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Suspension kits can help a vintage truck handle more like a car

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Classic trucks are, forgive the pun, picking up in the market. There are several explanations: The popularity of trucks in the new market, relatively cheaper prices compared to cars that have been considered collectible for a longer time, and even the utility that comes with an extra vehicle that can haul. One problem with old trucks, though, is that they were primarily used as tools. Ride and handling were secondary design considerations, if considered at all. So how do you take an old truck and turn it into something a little more fun? We spoke with Dan Oddy from Detroit Speed at the 2019 SEMA show to get some answers.

Detroit Speed’s four-link rear suspension kit requires a notch cut into the frame for rear axle clearance, and the mounting bracket matches the notch shape. Photo credit: Mike Austin

With trucks both growing in popularity and widely available, the suspension shops are adding parts to their catalogs. We spoke with Dan specifically about the Chevy and GMC C10, which is a new application for Detroit Speed. The short answer for how to make a truck handle is to use the same suspension tricks that work on cars. That starts with ditching the rear leaf springs. Companies like Detroit Speed, Heidt’s, Roadster Shop, Ridetech, and many others make kits to convert a rear suspension to a four-link coilover setup.

Different mounting points for the links and coilover allow for some adjustability. Photo credit: Mike Austin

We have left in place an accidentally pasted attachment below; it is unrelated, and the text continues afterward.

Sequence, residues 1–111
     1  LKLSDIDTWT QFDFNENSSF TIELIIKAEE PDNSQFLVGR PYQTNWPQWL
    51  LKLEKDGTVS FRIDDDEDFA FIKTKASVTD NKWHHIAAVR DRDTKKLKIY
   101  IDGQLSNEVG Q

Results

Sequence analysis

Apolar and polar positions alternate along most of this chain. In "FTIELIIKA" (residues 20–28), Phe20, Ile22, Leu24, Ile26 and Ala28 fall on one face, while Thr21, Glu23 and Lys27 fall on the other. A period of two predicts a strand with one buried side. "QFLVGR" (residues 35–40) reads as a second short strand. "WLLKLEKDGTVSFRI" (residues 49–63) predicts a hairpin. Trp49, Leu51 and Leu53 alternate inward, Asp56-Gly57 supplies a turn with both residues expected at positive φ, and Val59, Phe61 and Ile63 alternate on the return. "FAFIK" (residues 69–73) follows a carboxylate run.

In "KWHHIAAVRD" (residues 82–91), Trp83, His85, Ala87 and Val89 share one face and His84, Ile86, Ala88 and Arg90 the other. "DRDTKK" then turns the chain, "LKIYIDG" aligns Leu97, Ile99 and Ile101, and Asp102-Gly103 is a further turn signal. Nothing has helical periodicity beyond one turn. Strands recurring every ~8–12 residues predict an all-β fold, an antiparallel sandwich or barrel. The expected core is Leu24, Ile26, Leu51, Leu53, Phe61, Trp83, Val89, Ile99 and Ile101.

“Our main objective was to do a nice bolt-on system, just to make it easy for someone in the garage with hand tools to make a nice driving truck out of their weekend or daily driver,” says Dan. Detroit Speed’s bolt-in kit (there is also a weld-in option) involves cutting a notch in the frame, cutting off the factory lower shock mounts, and drilling several holes for the new crossmember and suspension link brackets. The finished product is a stiffer suspension with more locating points, plus adjustability built into the link locations and coilover mount. On top of that, it’s easier to change out the shocks and springs to suit the use case.

Detroit Speed’s front suspension kit features an aluminum spindle and completely new suspension geometry. Photo credit: Mike Austin

The second part of getting a truck to handle better is the front suspension. Here again, suspension companies are applying their existing designs to trucks, including the GM square body. Detroit Speed is working on its own front suspension kit for the C10, with a prototype unit on display at the SEMA show. It’s less a parts upgrade than a full re-engineering, with new upper and lower control arms and rack and pinion steering. “The stock stuff is a little out of date, technology-wise,” says Dan. “What we did is make a forged aluminum upright, so we could get the caster and camber gains that you need out of a good-handling truck.” The front is also meant to bolt in with minimal drilling, and he adds that Detroit Speed’s design will fit a stock disc brake kit from the later 1999-2007 Silverado for easy upgrades.

A crossmember (cut short here on the SEMA Show display stand) contains the mounting points for the steering rack as well as the lower control arms. Photo credit: Mike Austin

Trucks might cost less than a comparable classic car, but upgrading the suspension doesn’t come with a similar discount. Full kits cost thousands of dollars for each end of the suspension. Detroit Speed’s rear kit start at $3,095; pricing isn’t set for the front kit but Dan estimated that it will be around $6,000.